Getting a high SAT score, earning a 4.0 GPA and running the student government just don’t seem to cut it anymore for college admissions officers. It turns out that hopeful high school seniors should also have parents with deep bank accounts.
According to a new Inside Higher Ed survey of 462 college admissions officials across the country, students who rely less on financial aid are in higher demand. Even worse, a quarter of admissions officers have been pressured by administrators or trustees to admit certain students regardless of their academic and extracurricular merits.
With the price of college more than four times what it was 30 years ago, only the few lucky students from wealthy backgrounds able to pay their tuition out of their parents’ pockets will profit from these new admissions standards.
But these revelations shouldn’t be surprising. With dwindling endowments that are just now making a comeback in the wake of the Great Recession, universities everywhere must clamor to save all the money they can, even if it means accepting more students from affluent backgrounds, out-of-state, or other countries.
Curiously enough, this survey was released only a few weeks after The Cornell Daily Sun reported that international students faring from China have more than doubled in the past four years — from 401 to 825 — at Cornell.
Are we guilty of the using these subversive strategies to regain our financial foothold and stop our monetary hemorrhaging? I sure hope not. Or else dear old Ezra would be turning over in his grave. After all, he envisioned a university that would unconditionally accommodate “any student,” not “any student (whose parents have a fat wallet).”
But the survey points to a larger disturbing trend: Higher education has deviated from its original intent as an alternative to the poverty cycle. More and more, it seems that college is only for the rich — the ones who can afford not only the steep price tag of a bachelor’s degree, but also the testing fees, advance placement tutors, SAT prep classes and application counselors that come with it.
And the statistics are telling. In 2003 at the University of Michigan, more students came from families earning more than $200,000 than from families making less than the national median income of $53,000. And another report surveying 146 selective schools found that 74 percent of the students came from families in the top quarter income bracket while a paltry three percent came from the bottom quartile.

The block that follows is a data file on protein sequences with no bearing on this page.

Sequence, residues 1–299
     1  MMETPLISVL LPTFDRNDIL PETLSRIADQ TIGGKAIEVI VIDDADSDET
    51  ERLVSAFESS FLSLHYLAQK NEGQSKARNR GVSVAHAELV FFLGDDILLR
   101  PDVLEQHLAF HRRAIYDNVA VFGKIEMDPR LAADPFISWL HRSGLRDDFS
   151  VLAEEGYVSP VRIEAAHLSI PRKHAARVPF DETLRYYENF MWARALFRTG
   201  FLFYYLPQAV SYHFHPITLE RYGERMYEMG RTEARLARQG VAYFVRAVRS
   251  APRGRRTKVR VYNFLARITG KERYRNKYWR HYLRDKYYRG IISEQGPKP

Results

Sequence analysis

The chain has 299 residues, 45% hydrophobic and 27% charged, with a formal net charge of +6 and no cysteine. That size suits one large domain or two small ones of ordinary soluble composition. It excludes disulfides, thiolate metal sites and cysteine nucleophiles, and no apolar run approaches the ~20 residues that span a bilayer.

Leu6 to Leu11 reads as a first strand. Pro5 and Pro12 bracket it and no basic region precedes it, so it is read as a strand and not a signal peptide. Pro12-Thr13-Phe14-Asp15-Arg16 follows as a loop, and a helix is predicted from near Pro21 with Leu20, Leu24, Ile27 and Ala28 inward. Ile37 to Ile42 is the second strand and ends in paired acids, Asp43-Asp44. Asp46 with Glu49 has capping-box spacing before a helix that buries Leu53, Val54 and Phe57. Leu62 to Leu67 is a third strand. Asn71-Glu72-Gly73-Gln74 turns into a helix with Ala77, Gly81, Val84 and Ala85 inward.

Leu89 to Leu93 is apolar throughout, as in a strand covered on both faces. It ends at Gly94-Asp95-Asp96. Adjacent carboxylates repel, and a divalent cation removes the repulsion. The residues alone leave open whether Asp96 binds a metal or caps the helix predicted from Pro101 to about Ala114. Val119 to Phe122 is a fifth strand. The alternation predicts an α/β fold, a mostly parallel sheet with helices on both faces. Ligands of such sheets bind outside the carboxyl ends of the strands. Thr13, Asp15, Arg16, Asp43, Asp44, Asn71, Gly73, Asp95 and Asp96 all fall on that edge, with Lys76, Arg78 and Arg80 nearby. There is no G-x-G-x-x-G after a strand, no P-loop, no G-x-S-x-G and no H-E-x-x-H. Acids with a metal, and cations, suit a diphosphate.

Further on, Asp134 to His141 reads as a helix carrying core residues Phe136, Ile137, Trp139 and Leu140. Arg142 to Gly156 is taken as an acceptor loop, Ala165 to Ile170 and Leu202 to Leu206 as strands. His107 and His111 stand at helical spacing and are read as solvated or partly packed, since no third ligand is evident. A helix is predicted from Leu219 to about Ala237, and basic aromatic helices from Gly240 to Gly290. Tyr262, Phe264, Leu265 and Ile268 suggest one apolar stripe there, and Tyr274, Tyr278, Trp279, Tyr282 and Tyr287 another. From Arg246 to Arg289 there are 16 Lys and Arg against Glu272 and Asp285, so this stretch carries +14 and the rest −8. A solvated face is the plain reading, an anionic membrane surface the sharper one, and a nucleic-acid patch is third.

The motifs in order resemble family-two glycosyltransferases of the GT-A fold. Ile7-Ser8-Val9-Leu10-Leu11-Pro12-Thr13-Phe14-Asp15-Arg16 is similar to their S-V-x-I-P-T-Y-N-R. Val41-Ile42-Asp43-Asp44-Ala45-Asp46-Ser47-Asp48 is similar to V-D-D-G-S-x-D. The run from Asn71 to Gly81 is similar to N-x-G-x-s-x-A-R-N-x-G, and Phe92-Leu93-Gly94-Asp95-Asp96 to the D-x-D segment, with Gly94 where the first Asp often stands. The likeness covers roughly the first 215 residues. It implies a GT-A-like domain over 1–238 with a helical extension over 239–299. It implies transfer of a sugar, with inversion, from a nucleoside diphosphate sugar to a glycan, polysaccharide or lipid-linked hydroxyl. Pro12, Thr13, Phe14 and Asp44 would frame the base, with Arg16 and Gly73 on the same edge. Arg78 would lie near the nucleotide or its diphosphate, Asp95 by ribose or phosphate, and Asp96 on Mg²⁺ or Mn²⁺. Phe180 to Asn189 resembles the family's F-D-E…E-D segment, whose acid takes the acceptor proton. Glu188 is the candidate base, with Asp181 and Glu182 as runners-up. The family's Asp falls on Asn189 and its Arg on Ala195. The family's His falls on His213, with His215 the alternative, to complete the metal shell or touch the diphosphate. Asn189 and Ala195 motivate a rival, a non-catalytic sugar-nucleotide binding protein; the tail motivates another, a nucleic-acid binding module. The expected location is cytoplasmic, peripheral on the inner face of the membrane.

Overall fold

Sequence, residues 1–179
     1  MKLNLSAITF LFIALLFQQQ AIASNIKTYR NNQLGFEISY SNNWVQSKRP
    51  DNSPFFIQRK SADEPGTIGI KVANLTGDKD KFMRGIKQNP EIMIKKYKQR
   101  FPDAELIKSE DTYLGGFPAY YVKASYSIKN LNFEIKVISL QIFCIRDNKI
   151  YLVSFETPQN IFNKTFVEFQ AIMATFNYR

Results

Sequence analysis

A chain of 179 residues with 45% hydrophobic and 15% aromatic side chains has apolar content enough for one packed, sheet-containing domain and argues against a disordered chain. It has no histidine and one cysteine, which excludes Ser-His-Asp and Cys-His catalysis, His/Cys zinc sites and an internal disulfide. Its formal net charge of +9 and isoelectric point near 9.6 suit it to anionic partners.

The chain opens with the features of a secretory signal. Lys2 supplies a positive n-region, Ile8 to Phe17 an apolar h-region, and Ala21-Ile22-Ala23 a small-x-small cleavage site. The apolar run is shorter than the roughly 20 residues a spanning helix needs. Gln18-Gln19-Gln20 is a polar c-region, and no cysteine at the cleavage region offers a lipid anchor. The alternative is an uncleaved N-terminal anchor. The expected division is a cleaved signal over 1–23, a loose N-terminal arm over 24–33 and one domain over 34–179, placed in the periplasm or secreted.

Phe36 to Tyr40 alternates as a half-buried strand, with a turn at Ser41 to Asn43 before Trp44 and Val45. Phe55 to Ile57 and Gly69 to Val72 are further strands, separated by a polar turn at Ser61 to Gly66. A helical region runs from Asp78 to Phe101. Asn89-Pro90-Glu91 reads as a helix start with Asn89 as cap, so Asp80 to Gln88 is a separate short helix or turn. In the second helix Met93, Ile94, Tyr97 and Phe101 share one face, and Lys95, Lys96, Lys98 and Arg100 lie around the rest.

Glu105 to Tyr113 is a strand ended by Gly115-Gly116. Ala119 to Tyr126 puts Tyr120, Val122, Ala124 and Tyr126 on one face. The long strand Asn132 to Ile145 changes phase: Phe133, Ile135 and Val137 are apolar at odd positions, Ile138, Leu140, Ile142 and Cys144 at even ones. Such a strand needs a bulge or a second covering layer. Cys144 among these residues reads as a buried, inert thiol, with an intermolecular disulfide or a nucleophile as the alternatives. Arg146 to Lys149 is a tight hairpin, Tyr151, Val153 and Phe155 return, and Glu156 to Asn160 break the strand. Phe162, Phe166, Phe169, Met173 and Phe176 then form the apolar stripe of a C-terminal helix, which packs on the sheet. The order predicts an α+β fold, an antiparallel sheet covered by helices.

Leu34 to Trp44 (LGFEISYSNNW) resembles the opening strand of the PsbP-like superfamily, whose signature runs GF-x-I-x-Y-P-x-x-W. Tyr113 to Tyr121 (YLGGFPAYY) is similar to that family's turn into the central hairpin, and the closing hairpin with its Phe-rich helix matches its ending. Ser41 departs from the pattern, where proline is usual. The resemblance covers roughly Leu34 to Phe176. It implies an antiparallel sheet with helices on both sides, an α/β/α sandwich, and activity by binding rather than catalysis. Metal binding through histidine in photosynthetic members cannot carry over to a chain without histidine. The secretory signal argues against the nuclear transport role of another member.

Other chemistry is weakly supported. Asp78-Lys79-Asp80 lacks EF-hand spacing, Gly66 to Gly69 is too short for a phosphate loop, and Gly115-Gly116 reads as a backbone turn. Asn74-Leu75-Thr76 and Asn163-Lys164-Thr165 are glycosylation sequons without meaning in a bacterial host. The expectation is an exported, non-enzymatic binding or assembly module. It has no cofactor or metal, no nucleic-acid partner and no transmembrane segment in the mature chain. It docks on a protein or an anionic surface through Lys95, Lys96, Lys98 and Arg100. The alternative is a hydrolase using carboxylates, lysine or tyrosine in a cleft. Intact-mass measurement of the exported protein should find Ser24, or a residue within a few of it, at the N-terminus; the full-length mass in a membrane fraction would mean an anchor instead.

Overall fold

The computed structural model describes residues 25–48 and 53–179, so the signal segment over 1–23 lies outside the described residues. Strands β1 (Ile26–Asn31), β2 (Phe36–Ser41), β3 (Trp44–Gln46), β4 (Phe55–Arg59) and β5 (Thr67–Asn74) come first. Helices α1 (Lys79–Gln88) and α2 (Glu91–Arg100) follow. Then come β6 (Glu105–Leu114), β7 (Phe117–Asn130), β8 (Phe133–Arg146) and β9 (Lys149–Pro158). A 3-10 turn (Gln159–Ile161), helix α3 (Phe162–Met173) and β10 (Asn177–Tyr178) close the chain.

Universities may send out glossy brochures featuring students of every skin tone, but they’re hiding a dirty fact: Campuses may be racially diverse, but they’re socioeconomically bland as ever.
These strategies to attract the wealthy have come at an especially inopportune time, when the rich have become ever richer and the poor has stayed economically stagnant. The wealthiest one percent now has a greater aggregate net worth than the bottom 90 percent, which puts the United States at a lowly 39th in the inequality rankings, just two places above Iran. The American income gap looks more and more like an income chasm. And it is one that’s swallowing our country’s ethos founded in meritocracy.
But greater access to higher education would be one surefire solution to close the income gap and restore our faith in reward through hard work. After all, a bachelor’s degree is a proven way to climb the socioeconomic ladder — college graduates earn almost four times more than their counterparts who have obtained only high school diplomas, according to a recent report by the Census Bureau.
Yet in a tragic irony, equal access to our country’s greatest social equalizer is only available to those who can afford it. In fact, it seems that education has been turned into a wedge driving income disparity rather than mitigating it. And even more troubling, it’s a sign that our society has turned its back on the very founding principles that have made it so great — that hard work will always be rewarded, and that social mobility is a certainty.
What sort of society will we, the rising youth generation, be entering if the wealthy are rewarded merely for their wealth and the poor continue to be punished again and again, without an exit strategy? The Arab Spring and the England riots should give us a hint.
The leaders of our nation’s universities — the best in the world — have signed onto a sacred social contract to uphold the democratic ideals of higher education, but in a shameful turnaround, they have betrayed them by turning degrees into commodities. As a result, the American Dream, as it appears to those who hope to someday rise above poverty, looks more and more to be just that — a dream.
Steven Zhang is a senior in the College of Arts and Sciences. He may be reached at email@example.com. The Bigger Picture appears alternate Tuesdays this semester.